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Comparative genomics and the new perspective on genome evolution. Nothing in ( computational ) biology makes sense except in the light of evolution. after Theodosius Dobzhansky (1970). 1. 101. 201. 301. 401. 1. 101. 201. 301. 401. 501. 601.

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Slide1 l.jpg

Comparative genomics and the new perspective on genome evolution

Nothing in (computational) biology makes

sense except in the light of evolution

after Theodosius Dobzhansky (1970)


Conservation of gene order in bacterial species of the same genus l.jpg

1 evolution

101

201

301

401

1

101

201

301

401

501

601

Conservation of gene order in bacterial species of the same genus

M. genitalium

vs

M. pneumoniae


Conservation of gene order in closely related bacterial genera l.jpg

1 evolution

101

201

301

401

501

601

701

801

1

101

201

301

401

501

601

701

801

901

1001

Conservation of gene order in closely related bacterial genera

C. trachomatis

vs

C. pneumoniae


Slide5 l.jpg
Lack of gene order conservation - even in “closely related” bacteria of the same Proteobacterial subdivision

P. aeruginosa

vs

E. coli


Genome alignments method l.jpg
Genome Alignments - Method related” bacteria of the same Proteobacterial subdivision

Protein sets from completely genomes

BLAST cross-comparison

Table of Hits

Pairwise Genome Alignment

Local alignment algorithm

Lamarck (gap opening penalty,

gap extension penalty); statistics

with Monte Carlo simulations

Template-Anchored Genome Alignment


Genome alignments statistics l.jpg

0.5 related” bacteria of the same Proteobacterial subdivision

cpneu-ctra

mjan-mthe

0.4

bsub-ecoli

drad-aero

0.3

0.2

0.1

0.0

2

3

4

5

6

7

8

9

10

11

12

13

14

15

16

17

18

19

20

>20

Genome Alignments - Statistics

Distribution of conserved gene string lengths


Genome alignments statistics9 l.jpg
Genome Alignments - Statistics related” bacteria of the same Proteobacterial subdivision

Pairwise No. No. % in % in

alignments: strings genes Gen1 Gen2

all homologs

ecoli-hinf138 566 13% 33%

ecoli-bsub 89 322 8% 8%

ecoli-mjan 10 30 1% 2%

probable orthologs

ecoli-hinf105 482 11% 28%

ecoli-bsub 34 168 4% 4%

ecoli-mjan 12 33 1% 2%


Genome alignments statistics10 l.jpg

5000 related” bacteria of the same Proteobacterial subdivision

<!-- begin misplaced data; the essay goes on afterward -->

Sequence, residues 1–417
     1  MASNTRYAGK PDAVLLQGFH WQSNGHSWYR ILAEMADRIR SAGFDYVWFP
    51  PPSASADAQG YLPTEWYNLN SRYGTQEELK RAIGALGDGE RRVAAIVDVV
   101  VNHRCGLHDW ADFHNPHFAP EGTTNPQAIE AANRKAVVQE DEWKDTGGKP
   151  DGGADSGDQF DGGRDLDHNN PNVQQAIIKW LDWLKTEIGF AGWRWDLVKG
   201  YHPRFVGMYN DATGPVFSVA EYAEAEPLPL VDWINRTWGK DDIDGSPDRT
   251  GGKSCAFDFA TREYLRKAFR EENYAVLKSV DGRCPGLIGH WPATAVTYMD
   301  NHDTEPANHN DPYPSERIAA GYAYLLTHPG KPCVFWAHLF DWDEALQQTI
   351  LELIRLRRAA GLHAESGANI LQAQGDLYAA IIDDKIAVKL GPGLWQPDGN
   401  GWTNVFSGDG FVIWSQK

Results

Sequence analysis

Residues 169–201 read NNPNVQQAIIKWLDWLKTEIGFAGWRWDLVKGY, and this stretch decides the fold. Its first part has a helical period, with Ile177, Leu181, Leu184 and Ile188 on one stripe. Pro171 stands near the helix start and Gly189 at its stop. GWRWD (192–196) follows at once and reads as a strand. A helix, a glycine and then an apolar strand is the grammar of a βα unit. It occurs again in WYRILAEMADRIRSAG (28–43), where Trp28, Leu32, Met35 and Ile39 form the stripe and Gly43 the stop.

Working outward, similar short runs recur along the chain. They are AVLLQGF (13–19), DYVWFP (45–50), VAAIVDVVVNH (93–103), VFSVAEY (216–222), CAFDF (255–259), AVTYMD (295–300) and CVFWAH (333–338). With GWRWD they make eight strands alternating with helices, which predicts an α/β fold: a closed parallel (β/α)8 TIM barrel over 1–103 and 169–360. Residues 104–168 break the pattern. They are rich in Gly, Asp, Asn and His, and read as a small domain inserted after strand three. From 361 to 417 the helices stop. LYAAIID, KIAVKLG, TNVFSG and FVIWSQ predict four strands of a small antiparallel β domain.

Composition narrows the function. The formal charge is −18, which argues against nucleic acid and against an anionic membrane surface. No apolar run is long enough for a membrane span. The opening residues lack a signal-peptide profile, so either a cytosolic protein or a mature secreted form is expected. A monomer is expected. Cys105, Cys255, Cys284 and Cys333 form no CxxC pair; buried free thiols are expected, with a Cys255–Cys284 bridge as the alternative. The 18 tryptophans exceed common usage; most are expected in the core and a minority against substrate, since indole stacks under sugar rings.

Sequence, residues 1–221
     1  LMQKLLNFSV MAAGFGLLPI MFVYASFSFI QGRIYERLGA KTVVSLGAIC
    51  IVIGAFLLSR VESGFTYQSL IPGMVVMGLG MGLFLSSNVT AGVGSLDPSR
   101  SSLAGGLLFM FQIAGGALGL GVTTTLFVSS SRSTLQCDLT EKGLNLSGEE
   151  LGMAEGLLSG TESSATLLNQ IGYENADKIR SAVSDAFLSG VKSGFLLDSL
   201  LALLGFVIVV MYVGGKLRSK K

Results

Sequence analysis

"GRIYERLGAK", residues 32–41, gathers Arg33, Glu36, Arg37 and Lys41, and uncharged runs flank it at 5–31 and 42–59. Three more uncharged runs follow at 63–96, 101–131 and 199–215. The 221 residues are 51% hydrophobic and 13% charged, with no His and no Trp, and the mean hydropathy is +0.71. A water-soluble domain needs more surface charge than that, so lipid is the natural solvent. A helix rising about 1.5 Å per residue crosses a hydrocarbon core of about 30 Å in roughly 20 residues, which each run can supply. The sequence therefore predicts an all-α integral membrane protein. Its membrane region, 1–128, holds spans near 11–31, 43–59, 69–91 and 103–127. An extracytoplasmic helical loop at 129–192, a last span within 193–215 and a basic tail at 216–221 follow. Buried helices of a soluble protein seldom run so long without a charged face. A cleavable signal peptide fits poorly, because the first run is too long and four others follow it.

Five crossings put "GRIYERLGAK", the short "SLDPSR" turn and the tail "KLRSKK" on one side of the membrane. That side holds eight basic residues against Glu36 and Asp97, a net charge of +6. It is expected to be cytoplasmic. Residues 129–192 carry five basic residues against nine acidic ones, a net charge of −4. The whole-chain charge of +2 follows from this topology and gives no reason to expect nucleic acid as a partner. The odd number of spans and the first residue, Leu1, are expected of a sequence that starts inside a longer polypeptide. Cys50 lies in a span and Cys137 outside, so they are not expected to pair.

4500

4000

3500

3000

2500

2000

1500

1000

500

0

cjej

aful

cac

hinf

tpal

ctra

hpyl

pyro

rpxx

aero

bbur

drad

uure

tmar

ecoli

bsub

mjan

mthe

mtub

mgen

nmen

aquae

cpneu

mpneu

synecho

Not in gene strings

In non-conserved gene strings (directons)

In conserved gene strings

Genome Alignments - Statistics

Breakdown of genes

in the genome


Genome alignments statistics11 l.jpg
Genome Alignments - Statistics related” bacteria of the same Proteobacterial subdivision

Fraction of the genome in conserved gene strings - from

template-anchored alignments

MinimumSynechocystis sp. 5%

Aquifex aeolicus10%

Archaeoglobus fulgidus13%

Escherichia coli14%

Treponema pallidum17%

MaximumThermotoga maritima 23%

Mycoplasma genitalium 24%


Slide12 l.jpg

The three domains of life: the Tree related” bacteria of the same Proteobacterial subdivision

-proteobacteria

-proteobacteria

-proteobacteria

spirochetes

chlamydias

Bacteria

Bacillus/Clostridium group

mycoplasmas

actinobacteria

Dra

cyanobacteria

Aae

Tma

Mth

Mja

Pxx

Archaea

Txx

Afu

crenarchaea

Hbs

eukaryota


Slide19 l.jpg

The three domains of life: relationships within clusters of orthologs

(COGs)

Eukaryotes

A

245

496

Bacteria

A+B

1882

729

A+B+E

111

1087

A+E

Archaea

315

Pan-archaeal COGs

All COGs


Slide20 l.jpg

Protein functions in the archaeo-eukaryotic and orthologs

archaeo-bacterial subsets of the conserved archaeal core

(310 COGs total)


Slide21 l.jpg

Tpa W orthologs

Ctr W

Bbu W

Aae W

Afu W

Mth W

Mja W

Eco W

Hin W

Mtu W

Pho W

Bsu W

Hpy W

Sce W cyt

Ssp W

Hsa W cyt

Mpn W

Cel W mit

Mge W

Sce W mit

Sce E cyt

Ath E cyt

Hpy E /2/

Eco Q

Hin Q

Hpy E /1/

Hsa Q

Bsu E

Aae E

Mge E

Mpn E

Sce Q

Ssp E

Afu E

Mtu E

Pho E

Hin E

Ctr E

Eco E

Mth E

Sce E mit

Sso E

Tpa E

Mja E

Bbu E

Cel E mit

Phylogenetic trees of aminoacyl-tRNA synthetases:

HGT comes out loud and clear


Slide22 l.jpg

Eukaryotic programmed cell death - the bacterial contribution

PC_Hsa

Csp1_Hsa

Mlr1804_Mlo

CED3_Cel

PC_Cel

Csp2_Hsa

Mll5190_Mlo

Mlr3463_Mlo

Csp10_Hsa

Mll2372_Mlo

Mlr2366_Mlo

Csp3_Hsa

Mlr3303_Mlo

Csp9_Hsa

CASP-like_Deha

PC_Ddis

Gingipain R_Pgin

ActD_Mxan

XF2779_Xfa

Mlr3300_Mlo

Gingipain K_Pgin

YOR197w_Sce

MC1_At

PK3_Scoe

MC_Spo

MC3_At

MC5_At

MC_Geos

MC_Rsph

MC_Hbr

MC4_At

MC2_At

Phylogenetic tree of the caspase-like protease superfamily


Slide24 l.jpg

Inconsistency Quotient contribution

IQ = minimal number of events (Loss, Emergence, or HGT)

required to reconcile a COG’s phyletic pattern with

the topology of the species tree

A B C D

A B C D

A B C D

A B C D

A B C D

IQ=1

IQ=1

IQ=2

IQ=2

2 parsimonious

scenarios

Loss

HGT


Slide25 l.jpg

Number of gene loss and HGT events in most parsimonious contribution

evolutionary scenarios for COGs (I values).


Slide26 l.jpg

Conclusion contribution

Comparative genomics shows that genome evolution

is a highly dynamic process dominated by gene shuffling,

lineage-specific gene loss and horizontal gene transfer


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